A major challenge in agile development is the ability of test teams to keep pace with ongoing development while simultaneously ensuring that new development has not created regression failures. This case study from Halliburton shows how together with two globally distributed outsourcing partners they developed a comprehensive test automation strategy for their agile teams that effectively leveraged both in house and outsourced activities. This approach resulted in a significant quality improvement from prior releases.

  • Liked Tarang Baxi
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    A Practical Guide to Setting up Distributed Agile Projects

    Tarang Baxi
    Tarang Baxi
    Chirag Doshi
    Chirag Doshi
    schedule 3 years ago
    Sold Out!
    45 mins
    Talk
    Beginner

    A practical guide to setting up a new agile project team. Based on years of agile delivery and coaching experience for projects in a number of distributed and offshore models, for teams sized from 10 to 200 people, and spread across 4 continents, and 8+ locations. Some areas that will be touched on:

    • People - how to organize distributed teams, cultural factors to consider, ways to build trust, and how to avoid timezone burnout.
    • Process - how to communicate effectively, plan collaboratively, setup distributed practices (standups, retros, pairing, etc), effectively divide work on a common codebase, maintain visibility, and track progress.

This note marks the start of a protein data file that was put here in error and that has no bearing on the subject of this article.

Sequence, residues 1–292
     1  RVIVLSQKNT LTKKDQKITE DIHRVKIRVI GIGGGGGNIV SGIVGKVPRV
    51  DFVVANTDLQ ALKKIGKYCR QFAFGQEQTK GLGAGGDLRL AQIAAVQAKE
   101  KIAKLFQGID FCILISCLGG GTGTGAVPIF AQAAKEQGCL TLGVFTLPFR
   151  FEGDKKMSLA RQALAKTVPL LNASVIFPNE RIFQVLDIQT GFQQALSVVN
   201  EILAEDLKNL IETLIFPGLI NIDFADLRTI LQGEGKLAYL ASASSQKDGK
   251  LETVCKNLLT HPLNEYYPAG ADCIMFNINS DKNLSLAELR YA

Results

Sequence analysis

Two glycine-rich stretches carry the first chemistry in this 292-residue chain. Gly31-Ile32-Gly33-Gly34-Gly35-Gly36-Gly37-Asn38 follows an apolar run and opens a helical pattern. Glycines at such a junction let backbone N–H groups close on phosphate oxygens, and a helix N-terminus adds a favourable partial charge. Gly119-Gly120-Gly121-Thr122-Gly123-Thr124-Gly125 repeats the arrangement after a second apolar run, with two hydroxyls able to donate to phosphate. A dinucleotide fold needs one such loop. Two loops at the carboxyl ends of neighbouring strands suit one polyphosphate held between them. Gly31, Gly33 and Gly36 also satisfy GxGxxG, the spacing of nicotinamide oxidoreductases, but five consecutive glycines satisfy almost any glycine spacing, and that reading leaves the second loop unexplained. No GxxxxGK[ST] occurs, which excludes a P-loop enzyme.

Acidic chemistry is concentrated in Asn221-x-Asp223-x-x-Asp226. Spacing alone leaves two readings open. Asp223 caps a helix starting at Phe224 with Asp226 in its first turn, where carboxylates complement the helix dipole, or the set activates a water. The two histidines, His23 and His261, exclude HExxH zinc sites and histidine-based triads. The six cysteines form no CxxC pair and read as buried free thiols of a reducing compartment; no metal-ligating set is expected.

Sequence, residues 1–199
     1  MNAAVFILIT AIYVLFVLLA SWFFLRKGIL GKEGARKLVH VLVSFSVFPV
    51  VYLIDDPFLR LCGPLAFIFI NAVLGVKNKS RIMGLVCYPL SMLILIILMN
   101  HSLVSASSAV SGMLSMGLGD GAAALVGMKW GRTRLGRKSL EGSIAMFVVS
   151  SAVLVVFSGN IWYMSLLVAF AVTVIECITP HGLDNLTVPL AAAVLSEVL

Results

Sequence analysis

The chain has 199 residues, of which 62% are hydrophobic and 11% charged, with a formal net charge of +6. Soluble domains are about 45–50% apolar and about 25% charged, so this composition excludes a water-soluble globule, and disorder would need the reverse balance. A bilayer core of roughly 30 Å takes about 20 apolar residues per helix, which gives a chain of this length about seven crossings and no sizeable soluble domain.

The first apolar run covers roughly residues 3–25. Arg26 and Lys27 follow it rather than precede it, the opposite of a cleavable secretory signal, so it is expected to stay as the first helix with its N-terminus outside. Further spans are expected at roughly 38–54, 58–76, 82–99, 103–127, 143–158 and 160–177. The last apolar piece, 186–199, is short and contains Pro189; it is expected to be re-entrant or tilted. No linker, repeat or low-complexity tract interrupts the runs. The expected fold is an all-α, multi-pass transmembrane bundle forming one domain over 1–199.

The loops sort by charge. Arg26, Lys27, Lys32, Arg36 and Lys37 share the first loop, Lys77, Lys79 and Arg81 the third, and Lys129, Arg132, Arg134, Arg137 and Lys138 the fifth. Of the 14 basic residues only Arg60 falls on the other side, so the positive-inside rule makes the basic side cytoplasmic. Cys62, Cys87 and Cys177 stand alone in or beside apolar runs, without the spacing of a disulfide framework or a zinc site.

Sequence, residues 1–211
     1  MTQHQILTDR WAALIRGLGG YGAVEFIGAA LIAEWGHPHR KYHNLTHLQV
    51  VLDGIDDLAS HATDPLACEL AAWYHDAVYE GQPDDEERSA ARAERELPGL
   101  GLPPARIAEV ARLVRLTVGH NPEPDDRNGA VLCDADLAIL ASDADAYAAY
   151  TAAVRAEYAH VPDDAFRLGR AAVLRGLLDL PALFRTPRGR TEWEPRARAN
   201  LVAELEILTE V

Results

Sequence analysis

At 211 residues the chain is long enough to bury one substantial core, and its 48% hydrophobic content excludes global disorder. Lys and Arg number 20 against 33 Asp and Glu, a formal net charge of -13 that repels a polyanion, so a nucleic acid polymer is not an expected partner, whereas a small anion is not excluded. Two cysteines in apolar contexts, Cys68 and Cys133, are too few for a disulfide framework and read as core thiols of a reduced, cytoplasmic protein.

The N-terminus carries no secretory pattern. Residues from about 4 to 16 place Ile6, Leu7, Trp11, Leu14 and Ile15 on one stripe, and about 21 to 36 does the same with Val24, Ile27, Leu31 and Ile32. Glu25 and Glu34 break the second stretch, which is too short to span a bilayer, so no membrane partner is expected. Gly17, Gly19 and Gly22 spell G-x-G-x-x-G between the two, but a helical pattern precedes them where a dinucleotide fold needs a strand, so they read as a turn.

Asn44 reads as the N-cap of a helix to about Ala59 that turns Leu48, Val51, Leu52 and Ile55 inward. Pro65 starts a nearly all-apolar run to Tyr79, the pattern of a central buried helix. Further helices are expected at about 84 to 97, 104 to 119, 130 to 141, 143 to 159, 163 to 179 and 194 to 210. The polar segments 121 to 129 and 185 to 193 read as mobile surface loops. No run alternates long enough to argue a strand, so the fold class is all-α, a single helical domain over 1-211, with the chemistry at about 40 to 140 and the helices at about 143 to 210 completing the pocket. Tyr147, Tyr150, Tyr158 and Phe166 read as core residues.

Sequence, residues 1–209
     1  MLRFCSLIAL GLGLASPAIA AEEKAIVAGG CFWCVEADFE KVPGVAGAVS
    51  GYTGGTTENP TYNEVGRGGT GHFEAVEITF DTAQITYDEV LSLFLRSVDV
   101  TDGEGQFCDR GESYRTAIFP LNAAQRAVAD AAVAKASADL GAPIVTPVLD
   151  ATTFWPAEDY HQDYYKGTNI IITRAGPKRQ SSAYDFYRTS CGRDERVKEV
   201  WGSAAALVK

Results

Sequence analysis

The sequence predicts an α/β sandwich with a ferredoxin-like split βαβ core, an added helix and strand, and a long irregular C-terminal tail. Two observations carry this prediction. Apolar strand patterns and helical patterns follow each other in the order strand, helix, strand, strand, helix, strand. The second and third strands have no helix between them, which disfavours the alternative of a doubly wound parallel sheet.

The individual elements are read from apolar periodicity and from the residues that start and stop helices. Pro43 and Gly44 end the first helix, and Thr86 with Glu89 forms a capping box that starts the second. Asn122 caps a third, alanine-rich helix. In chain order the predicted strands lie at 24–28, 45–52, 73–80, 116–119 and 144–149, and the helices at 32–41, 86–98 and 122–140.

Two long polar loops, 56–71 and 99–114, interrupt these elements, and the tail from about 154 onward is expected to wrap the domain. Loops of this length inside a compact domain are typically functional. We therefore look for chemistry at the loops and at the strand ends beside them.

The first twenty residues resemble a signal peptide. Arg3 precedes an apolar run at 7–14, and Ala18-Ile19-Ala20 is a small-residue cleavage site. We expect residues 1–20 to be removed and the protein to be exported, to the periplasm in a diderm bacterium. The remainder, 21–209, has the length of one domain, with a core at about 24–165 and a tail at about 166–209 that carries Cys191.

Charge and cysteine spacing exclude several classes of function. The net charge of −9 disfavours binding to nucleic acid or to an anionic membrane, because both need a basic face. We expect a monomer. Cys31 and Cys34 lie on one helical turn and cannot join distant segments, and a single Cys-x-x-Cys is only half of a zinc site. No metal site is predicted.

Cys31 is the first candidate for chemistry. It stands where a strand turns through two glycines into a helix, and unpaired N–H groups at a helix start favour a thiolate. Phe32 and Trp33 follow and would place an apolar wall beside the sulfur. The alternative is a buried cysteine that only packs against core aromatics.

• Tools - (tips provided as a handout) which hardware and software tools should you absolutely invest in to help overcome communication,  visibility and collaboration challenges
  • Liked Raja Bavani
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    A Principle-Centered Approach to Distributed Agile (OR) Distributed Agile: Ten Guiding Principles

    Raja Bavani
    Raja Bavani
    schedule 3 years ago
    Sold Out!
    20 mins
    Experience Report
    Beginner

    The challenges in distributed agile can be seen under three broad categories viz., a) Communication and Coordination, b) Time Zone Differences and c) Issues related to People, Culture and Leadership Style. Successful teams consciously adhere to certain principles and it is their principle-centered approach that helps them face such challenges and deliver the best.

    Steven Covey wrote: "Principles always have natural consequences attached to them. There are positive consequences when we live in harmony with the principles. There are negative consequences when we ignore them. But because these principles apply to everyone, whether or not they are aware, this limitation is universal. And the more we know of correct principles, the greater is our personal freedom to act wisely." This is true in all situations of life and it includes application of agile methods in geographically distributed teams too.

    This session is to present the ten principles and elaborate 3-4 principles learned through experience in working with project teams and interactions with industry experts, and applied for more than a decade. These ten principles are above and beyond agile manifesto and agile principles. These are related to areas such as context-specific methodology, tools for productivity improvement, infrastructure for communication and coordination, knowledge management, focus on quality, inclusion, collaborative governance, automation, technical debt management, iteration progression and ensuring early success.